This function calculates the sum of all of the elements of the supplied array. array can be any floating point or integer array, but not a string array. The latter leads to error -15 (bad parameter). Array can be any number of dimensions, although the following example uses just one dimension for demonstration reasons.
If you stored a lot of values, eg. temperatures, in an array and want to find the average temperature, you have to divide the sum of the temperatures by the number of values. Obviously the operation of adding temperatures can take quite some time for a large data base, so this is a point where MATSUM helps:
100 values% = 200: DIM temp%(values%) 110 : 120 PRINT#0,"random initialisation..." 130 MATRND temp%,-20,30 140 PRINT#0,"equalising"; 150 FOR equalize = 1 TO 10 160 FOR i = 0 TO values%-1 170 temp%(i) = ( temp%(i) + temp%(i+1) ) / 2 180 END FOR i 190 PRINT#0,"."; 200 END FOR equalize 210 : 220 PRINT#0\\"drawing..." 230 WINDOW 448,200,32,16: SCALE 100,0,0 240 PAPER 3: CLS: INK 7: OVER 0 250 dist = 160 / values%: yoff = 50 260 FOR i = 0 TO values%-1 270 x1 = i*dist: x2 = x1+dist 280 y1 = temp%(i) + yoff: y2 = temp%(i+1) + yoff 290 LINE x1,y1 TO x2,y2 300 END FOR i 310 : 320 PRINT#0,"find medium..." 330 tmed = MATSUM(temp%) / values% 340 INK 3: OVER -1 350 LINE 0,tmed+yoff TO x2,tmed+yoff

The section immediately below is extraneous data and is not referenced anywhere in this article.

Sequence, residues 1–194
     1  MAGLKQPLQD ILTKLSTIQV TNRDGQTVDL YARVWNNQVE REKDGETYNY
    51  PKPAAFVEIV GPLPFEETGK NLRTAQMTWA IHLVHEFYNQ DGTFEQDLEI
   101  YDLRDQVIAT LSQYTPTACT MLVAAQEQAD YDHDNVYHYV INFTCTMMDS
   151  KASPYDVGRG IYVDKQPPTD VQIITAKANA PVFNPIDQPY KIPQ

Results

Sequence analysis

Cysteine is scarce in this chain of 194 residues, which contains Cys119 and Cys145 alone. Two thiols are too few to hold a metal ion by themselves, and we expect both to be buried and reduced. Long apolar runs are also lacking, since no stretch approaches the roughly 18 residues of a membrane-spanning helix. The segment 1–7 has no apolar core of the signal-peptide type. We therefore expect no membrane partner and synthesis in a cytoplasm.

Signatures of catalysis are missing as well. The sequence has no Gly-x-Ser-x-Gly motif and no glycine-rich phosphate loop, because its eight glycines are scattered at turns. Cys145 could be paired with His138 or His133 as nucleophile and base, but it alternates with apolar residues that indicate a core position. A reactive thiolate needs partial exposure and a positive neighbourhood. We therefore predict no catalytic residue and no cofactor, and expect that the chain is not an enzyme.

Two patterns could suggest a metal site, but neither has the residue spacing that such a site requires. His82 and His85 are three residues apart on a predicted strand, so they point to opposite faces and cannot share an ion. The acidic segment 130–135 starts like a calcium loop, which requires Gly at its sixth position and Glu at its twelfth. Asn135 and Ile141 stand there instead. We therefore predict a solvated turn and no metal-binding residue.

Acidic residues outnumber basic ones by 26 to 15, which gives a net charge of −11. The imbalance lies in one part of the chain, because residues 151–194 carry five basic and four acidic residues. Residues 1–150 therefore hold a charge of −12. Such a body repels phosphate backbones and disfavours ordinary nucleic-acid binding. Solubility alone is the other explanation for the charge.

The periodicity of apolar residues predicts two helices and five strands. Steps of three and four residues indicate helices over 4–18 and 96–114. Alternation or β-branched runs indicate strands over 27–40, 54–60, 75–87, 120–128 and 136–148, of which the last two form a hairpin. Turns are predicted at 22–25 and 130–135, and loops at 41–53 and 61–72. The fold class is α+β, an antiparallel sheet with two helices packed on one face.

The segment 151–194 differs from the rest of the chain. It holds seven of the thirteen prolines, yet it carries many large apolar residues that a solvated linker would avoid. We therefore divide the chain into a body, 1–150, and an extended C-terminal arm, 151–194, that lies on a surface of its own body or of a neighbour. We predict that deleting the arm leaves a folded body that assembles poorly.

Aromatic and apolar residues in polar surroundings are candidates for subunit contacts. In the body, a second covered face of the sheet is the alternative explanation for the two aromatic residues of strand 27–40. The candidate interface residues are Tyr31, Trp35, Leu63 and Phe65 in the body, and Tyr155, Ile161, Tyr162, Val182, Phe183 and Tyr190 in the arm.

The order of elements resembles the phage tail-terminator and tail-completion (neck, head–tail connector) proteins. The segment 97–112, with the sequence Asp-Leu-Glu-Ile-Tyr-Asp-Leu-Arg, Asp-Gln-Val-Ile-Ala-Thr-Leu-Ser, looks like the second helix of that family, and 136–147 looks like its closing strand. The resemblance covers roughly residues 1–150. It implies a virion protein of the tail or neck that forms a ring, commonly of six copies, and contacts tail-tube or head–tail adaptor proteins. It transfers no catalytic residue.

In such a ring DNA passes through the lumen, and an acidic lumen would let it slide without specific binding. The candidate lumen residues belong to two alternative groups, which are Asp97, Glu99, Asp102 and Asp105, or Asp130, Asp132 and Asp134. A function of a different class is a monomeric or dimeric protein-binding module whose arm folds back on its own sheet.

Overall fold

The important line is 330 where MATSUM is used. Lines 150 to 200 transform the random values to more realistic temperatures: you won’t find any country where outside temperature jumps from -20 to +30 degrees Celsius in one day! The number of equalize loops can be freely chosen.
This is also true for values%, the figure adapts itself to the number of values (see dist in line 250).
A program using MATSUM cannot be compiled with Turbo or Super-charge.
MATRND initialises an array with random values. MATPROD is very similar to MATSUM except that it finds the product of an array’s elements. MATMEAN finds the mean value of a matrix’s values directly, so line 330 could be replaced with:
330 tmed = MATMEAN(temp%)